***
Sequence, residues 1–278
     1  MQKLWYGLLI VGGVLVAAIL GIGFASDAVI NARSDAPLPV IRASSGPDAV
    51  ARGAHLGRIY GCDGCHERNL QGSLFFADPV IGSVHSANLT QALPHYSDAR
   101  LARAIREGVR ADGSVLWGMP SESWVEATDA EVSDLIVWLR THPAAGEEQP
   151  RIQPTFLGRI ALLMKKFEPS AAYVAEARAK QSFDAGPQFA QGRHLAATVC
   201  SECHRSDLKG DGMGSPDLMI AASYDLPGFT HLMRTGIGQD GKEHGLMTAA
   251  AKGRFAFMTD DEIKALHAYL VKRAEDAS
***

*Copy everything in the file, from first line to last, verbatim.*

Sequence, residues 1–278
     1  MQKLWYGLLI VGGVLVAAIL GIGFASDAVI NARSDAPLPV IRASSGPDAV
    51  ARGAHLGRIY GCDGCHERNL QGSLFFADPV IGSVHSANLT QALPHYSDAR
   101  LARAIREGVR ADGSVLWGMP SESWVEATDA EVSDLIVWLR THPAAGEEQP
   151  RIQPTFLGRI ALLMKKFEPS AAYVAEARAK QSFDAGPQFA QGRHLAATVC
   201  SECHRSDLKG DGMGSPDLMI AASYDLPGFT HLMRTGIGQD GKEHGLMTAA
   251  AKGRFAFMTD DEIKALHAYL VKRAEDAS